Published  10/05/2002

Un aventura again?


Milan aircrash damages Ponti masterwork.

The most famous air disaster of the month occurred in Milan where a private pilot flew into the Pirelli Building, the world-famous 32-storey tower designed by the late Italian master architect Gio Ponti. Ironically, 3 May sees the opening of a well-timed exhibition of his work at the Design Museum in London. The Pirelli building, designed by Ponti with his famous compatriot Pier Luigi Nervi, became in 1956 the leading and tallest reinforced concrete building in the world, and remains supremely stylish, a modern masterpiece. In the age of the Lambretta and the Olivetti Lettera 22 portable typewriter (beloved of all students and first novelists of the l960s), Ponti presided over an easy Milanese predominance in the world of design, whereby design was not only modern but expressed its own mood of ‘l’aventura’.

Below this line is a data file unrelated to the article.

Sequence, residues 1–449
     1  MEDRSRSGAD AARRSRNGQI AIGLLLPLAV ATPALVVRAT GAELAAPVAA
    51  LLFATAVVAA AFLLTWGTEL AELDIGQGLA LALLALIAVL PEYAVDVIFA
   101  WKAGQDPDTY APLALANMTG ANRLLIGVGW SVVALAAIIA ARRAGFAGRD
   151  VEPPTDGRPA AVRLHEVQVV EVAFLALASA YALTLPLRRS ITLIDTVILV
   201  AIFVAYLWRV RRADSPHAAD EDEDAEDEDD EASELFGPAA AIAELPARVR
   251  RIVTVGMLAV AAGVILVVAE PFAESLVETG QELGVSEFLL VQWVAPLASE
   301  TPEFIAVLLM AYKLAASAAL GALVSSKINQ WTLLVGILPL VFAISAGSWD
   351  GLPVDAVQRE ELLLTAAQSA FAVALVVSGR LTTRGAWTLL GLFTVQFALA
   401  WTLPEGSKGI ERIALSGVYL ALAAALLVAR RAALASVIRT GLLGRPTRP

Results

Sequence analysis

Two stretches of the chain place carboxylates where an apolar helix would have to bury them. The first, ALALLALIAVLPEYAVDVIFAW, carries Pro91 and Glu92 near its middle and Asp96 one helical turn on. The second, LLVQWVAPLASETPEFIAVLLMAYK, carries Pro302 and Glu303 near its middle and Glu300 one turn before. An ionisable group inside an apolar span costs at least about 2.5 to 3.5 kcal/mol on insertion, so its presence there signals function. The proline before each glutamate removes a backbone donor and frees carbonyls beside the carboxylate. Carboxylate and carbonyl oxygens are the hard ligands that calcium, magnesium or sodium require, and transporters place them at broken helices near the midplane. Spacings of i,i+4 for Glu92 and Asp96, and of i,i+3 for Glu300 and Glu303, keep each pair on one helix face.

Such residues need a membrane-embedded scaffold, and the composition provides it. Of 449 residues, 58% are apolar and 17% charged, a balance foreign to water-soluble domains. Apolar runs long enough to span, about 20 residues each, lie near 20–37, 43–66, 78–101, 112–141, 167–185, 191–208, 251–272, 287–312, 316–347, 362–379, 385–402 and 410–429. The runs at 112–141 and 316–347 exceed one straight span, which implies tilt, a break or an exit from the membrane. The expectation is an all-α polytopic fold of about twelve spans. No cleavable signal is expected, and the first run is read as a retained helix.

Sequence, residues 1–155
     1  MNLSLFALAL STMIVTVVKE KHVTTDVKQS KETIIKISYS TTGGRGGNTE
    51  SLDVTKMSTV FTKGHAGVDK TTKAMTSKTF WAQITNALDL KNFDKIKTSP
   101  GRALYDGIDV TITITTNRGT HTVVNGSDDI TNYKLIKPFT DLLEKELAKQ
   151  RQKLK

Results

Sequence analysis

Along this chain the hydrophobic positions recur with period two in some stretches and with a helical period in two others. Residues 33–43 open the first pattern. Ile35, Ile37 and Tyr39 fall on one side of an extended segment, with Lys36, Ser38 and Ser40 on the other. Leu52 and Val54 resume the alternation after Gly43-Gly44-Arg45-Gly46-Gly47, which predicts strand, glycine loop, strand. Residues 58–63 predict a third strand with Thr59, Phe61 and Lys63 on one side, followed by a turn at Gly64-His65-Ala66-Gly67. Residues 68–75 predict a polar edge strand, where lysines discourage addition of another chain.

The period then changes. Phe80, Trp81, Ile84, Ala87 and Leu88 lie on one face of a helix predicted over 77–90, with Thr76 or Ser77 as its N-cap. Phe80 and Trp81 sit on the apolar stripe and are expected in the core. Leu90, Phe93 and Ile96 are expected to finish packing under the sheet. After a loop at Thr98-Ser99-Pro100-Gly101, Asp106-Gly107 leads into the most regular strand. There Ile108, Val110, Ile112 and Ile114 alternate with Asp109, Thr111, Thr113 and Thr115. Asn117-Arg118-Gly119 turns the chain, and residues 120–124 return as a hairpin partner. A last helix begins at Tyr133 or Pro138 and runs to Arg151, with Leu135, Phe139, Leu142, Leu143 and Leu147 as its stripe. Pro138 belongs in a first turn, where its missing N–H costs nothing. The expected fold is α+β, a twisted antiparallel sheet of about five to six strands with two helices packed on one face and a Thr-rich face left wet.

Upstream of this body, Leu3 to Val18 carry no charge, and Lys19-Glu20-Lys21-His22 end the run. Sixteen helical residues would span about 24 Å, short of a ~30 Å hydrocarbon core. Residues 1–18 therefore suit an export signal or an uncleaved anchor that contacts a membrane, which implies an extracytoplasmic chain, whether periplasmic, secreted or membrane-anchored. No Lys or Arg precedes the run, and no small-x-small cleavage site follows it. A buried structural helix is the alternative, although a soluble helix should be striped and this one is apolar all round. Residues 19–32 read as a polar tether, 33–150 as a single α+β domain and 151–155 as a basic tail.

In this elegant world soon peopled by Monica Vitti and Marcello Mastroianni, Roman decadence of the Dolce Vita ambience was quickly put out of touch by the seemingly effortless modernity of Ponti’s world. There was even a house magazine, the now famous Domus, which still upholds the culture of confident contemporaneity. The perfectionist furniture-maker Cassina, the manufacturer of lighting Fontana Arte and even Ideal Standard, the sanitary ware company, saw their sales benefit through Ponti’s patronage. In Denver, Colorado, stands a little-known but well-loved museum of the region, designed by Ponti, a compatible companion to the neighbouring architecture later introduced by Daniel Libeskind. The Design Museum exhibition also includes the Superleggera chair, the Pavoni coffee machine, and Ponti’s own designed scooter, the Piaggio. Fortunately, the impact damage to the Pirelli Tower this month (now housing local institutional headquarters) was slight. Fewer than 20 office occupiers died, and the structure is repairable. The only mystery is how, in an uncluttered skyline, a trained pilot, however disturbed or depressed, could fail to miss the thin, faceted surface of this masterpiece. No architectural motivation, nor any other for that matter, has been evidenced. In L’Aventura there is a scene where an architect knocks an ink bottle over an architectural drawing, by mistake on purpose. April’s drama was an undoubted accident.

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